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published: April, 2002
The Virtual Ramp to the Equivalent Experience in the Virtual Museum: Accessibility to Museums on the Web
Liddy Nevile, Motile Research, Australia and Charles McCathieNevile, W3C, France
People with disabilities are slowly finding their way on to the Web, up the virtual ramp, as it were. The ramp that is being built is proving popular among many users beyond the community for whom it was first requested. Good practice has ramps integrated into the design of buildings and Web sites from the start, and everyone can feel equally welcome and share in the experiences provided beyond the ramp. The same practices can be adopted on the Web, but often the question is what the best virtual experience that will provide for all inclusively is. The authors argue a range of forms and modalities of resources should be provided to ensure accessibility and richness for all users.
After a number of years, the communities of people with disabilities are slowly finding their way on to the Web, up the virtual ramp, as it were. The ramp that is being used is, as in many other contexts, popular among many users beyond the community for whom it was first requested. Good practice has ramps integrated into the design of institutions from the start, and everyone can feel equally welcome and share in the experiences provided beyond the ramp.
The authors have been working with a community responsible for a 'museum' that covers several hundred square miles. It contains a collection of 100,000 Quinkan Aboriginal cave paintings and is located in the far north of Queensland in Australia. In this context, the idea of an equivalent experience for those who visit on the Web is of paramount interest. In fact, almost everyone who visits and experiences Quinkan culture and artifacts will be doing so via the Web. Almost all of the 'museum' is inaccessible (the nearest city is 250 miles away) for one reason or another. Currently, work is being undertaken to develop an interpretive centre for this museum and the on-line component of that is of interest here. (See the Queensland Heritage Trails Web site, http://www.heritagetrails.qld.gov.au/fs_quinkan.html)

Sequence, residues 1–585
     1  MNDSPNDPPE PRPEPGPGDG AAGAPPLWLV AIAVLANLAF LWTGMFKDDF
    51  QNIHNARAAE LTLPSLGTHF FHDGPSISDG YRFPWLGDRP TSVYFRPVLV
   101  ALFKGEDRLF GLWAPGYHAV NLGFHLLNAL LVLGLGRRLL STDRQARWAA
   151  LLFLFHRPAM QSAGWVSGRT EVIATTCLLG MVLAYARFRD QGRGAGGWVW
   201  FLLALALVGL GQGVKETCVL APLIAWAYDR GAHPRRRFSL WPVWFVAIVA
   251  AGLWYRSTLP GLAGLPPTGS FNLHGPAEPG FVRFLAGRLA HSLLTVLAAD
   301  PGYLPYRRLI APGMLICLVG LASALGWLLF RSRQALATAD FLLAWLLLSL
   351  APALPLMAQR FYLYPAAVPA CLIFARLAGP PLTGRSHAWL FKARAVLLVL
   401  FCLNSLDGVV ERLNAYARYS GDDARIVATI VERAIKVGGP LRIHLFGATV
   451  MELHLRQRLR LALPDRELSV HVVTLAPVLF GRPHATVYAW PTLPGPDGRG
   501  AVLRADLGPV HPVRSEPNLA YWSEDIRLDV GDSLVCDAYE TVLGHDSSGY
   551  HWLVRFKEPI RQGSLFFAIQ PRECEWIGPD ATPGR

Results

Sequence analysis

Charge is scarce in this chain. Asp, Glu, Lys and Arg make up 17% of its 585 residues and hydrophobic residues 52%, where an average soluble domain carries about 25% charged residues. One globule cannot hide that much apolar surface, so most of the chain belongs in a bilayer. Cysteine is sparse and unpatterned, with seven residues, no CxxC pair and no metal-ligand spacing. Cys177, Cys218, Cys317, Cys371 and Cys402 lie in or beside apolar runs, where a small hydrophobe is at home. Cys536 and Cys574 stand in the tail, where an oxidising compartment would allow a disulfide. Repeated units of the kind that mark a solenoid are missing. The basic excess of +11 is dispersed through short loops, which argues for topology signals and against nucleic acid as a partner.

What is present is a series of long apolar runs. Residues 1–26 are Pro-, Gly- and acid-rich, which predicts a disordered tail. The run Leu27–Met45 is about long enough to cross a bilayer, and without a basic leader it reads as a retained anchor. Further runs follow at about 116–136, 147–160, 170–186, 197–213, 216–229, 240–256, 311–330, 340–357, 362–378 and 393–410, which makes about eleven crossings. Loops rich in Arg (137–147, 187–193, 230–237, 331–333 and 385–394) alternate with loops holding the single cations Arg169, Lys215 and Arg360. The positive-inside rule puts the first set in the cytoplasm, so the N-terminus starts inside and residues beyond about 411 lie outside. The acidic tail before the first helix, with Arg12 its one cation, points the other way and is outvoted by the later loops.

Virtual tours of Quinkan country will be designed to attract visitors to the real thing, but only a small proportion of visitors will make the journey. The virtual tour will provide the first level of equivalence; the virtual experience for those who cannot have the real experience. The second level of equivalence comes in when the first experience is transformed for the benefit of those who, for whatever reason, do not get access to the first level.
'Equivalence' in the accessibility context means that a user who avoids one presentation of a resource, for one reason or another, can choose an alternative resource to gain an 'equivalent' experience. It is an open question what is equivalent to the range of resources and activities being developed for what is seen as a museum's target audience.So questions for consideration when developing virtual exhibitions of the Quinkan Rock Art include: